Yukon Human Rights Commission
CRPD and UNDRIP Special Promotion Activities
The Commission has continued to focus on both the Convention and the Declaration in its public education, awareness, and promotion work.
Partnering with the Yukon Council on Disabilities, the Commission established a multi-agency steering committee to advance Yukon's commitment to the UN Convention on the Rights of Persons with Disabilities. The Steering Committee submitted a funding application to the Territorial Government to deliver a 3-day workshop using York University's CRPD monitoring and evaluation tools, and a one-day summit to develop a Yukon-wide framework for monitoring and evaluation. This work sets the foundation for future collaborative work among the Yukon Human Rights Commission, NGO'S and government agencies.
On May 14th, 2014, the Yukon Legislative Assembly voted unanimously in favour of a motion to endorse Canada's Statement of Support on the United Nations Declaration on the Rights of Indigenous Peoples. The timing of this endorsement could not have been more poignant, a mere two days after the UN's Special Rapporteur on the rights of indigenous peoples, James Anaya, called attention to the work that remains to be done regarding treatment of aboriginal people in Canada, especially in light of the documented alarming rates of violence against aboriginal women. In the words of the MLA who brought the motion forward, Mr. Barr, "This is a beginning of an ongoing work that we have to do. […] Adopting this motion […] must be done recognizing that it is just another step along the path toward healing and reconciliation."
The Yukon Human Rights Commission does its best to adhere to the principle "it can't be about us, without us". As such, the Commission corresponded with Yukon First Nations chiefs before calling on the Legislature to endorse the Declaration. The Commission met with Council of Yukon First Nations (CYFN) Grand Chief Ruth Massie, who provided strategic advice and public support. She explained that after discussion at a General Assembly, CYFN chiefs agreed to support the Declaration. New Kwanlin Dϋn First Nation Chief Doris Bill also supported the call for endorsement and her letter was tabled in the Legislature. Both Mr. Barr, who is Metis, and another Vuntut Gwichin First Nation MLA, Mr. Elias, spoke at length of their support of the motion before the Legislative Assembly.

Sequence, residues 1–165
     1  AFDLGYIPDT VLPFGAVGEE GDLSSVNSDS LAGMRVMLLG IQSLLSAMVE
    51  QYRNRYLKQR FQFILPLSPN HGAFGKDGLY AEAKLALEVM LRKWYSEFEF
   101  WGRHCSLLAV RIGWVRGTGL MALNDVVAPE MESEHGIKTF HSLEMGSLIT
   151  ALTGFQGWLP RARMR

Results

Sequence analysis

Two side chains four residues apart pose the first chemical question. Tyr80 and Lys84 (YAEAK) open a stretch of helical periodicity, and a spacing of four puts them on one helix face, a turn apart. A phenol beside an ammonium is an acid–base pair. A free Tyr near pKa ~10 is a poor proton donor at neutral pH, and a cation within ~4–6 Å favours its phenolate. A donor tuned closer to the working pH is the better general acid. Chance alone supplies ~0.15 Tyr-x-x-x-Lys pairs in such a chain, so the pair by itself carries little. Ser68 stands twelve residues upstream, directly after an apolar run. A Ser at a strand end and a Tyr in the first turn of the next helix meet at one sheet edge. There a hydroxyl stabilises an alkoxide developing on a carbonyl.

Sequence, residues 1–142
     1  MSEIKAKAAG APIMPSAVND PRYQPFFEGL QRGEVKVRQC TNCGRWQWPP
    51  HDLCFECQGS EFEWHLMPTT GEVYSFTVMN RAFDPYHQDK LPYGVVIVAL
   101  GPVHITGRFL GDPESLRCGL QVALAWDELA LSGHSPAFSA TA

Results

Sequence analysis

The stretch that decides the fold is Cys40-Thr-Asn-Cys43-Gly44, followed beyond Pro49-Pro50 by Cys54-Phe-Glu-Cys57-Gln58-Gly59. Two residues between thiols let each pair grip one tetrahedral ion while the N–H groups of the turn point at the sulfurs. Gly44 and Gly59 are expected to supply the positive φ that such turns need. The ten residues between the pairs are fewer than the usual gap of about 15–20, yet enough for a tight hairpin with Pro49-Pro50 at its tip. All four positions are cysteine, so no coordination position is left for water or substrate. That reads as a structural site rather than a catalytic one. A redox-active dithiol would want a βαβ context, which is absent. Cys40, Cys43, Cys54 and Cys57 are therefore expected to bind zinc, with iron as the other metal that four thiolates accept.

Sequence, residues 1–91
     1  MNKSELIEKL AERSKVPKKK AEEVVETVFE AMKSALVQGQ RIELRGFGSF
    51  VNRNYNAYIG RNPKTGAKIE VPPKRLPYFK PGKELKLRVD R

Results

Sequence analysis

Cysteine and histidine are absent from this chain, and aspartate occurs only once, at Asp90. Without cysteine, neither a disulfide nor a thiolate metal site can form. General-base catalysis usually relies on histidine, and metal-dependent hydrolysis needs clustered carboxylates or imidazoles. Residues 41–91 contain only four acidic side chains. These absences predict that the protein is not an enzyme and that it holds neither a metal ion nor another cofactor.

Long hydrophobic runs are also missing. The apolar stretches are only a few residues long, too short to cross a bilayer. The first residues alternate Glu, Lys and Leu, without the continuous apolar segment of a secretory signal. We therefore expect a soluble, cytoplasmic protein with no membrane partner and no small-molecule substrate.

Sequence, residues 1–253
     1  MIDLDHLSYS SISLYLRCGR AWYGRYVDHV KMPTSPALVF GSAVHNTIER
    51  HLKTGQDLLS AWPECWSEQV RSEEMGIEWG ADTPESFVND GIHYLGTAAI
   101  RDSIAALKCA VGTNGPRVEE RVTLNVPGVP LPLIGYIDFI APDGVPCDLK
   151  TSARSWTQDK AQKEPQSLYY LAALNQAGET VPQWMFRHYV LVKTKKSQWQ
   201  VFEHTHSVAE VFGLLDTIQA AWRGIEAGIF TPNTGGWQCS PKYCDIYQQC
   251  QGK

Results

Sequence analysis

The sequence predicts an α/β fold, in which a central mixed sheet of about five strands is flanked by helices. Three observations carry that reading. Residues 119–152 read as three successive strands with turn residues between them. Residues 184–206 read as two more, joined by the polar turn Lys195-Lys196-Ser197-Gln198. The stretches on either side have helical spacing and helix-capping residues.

National Aboriginal Day
On National Aboriginal Day, June 21, 2014, Grand Chief Ruth Massie announced the endorsement of the UN Declaration on the Rights of Indigenous Peoples (UNDRIP) to over 600 community members. The Grand Chief spoke to the significance of the Declaration and what it means for the future of Yukon. Community members gathered around the Sacred Fire to read Articles from the Declaration.
The Commission also took part in National Aboriginal Day celebrations by inviting community members to have their portrait taken to be used for future educational resources on the Declaration.
National Aboriginal Day, 2014
Over half of the complaints currently in our system are systemic ones, on the grounds variously of First Nations ancestry, disability and sexual orientation. A very recent one has received local and national media attention. It is a complaint by a father on behalf of his son, a First Nation man who alleges he has spent many months in segregation without treatment at the territorial jail and who has a number of mental disabilities. The public record makes it clear he is not receiving appropriate treatment for his mental disability while at the jail in segregation. A copy of the complaint was given to members of the media by concerned friends and family members.
Another recent February 2014 complaint made public (with extensive local media coverage) by both co-complainants alleges discrimination against them as lesbian mothers due to former provisions in the Vital Statistics Act whereby the Registrar of Vital Statistics refused to issue a birth certificate for their newborn child, with both their names as parents. This in turn led to a speedy amendment of that Act during the spring sitting of the Legislature to stop this discrimination.
The Commission has other systemic complaints in its system currently based on aboriginal ancestry and on disability.
On May 8, 2014, Barb Joe was appointed as the Commission's new member, following the death of Commissioner Joe Prentice earlier in 2014 – a sad loss for our small and close-knit Commission.
Ms. Joe is a member of the Champagne and Aishihik First Nations, born and raised in the Yukon. She has a BA in Rural Development and Natural Resources Management from University of Alaska and a Law Degree from the University of Victoria. She is the Chair of the Yukon Dispute Resolution Board and Vice President of the Yukon Aboriginal Sport Circle. She is currently employed at the Council for Yukon First Nations Self Government Secretariat as Project/Research Manager and at Kwanlin Dϋn First Nation as their Judicial Council Administrator. She is also the Chef de Mission for Team Yukon Softball team travelling to the North American Indigenous Games in July, 2014.
The Commission thanks the Alberta Human Rights Commission for kindly inviting our intake officer to the May 7 Red Deer training session on Dealing with High Conflict Behaviours, which she found was very useful training.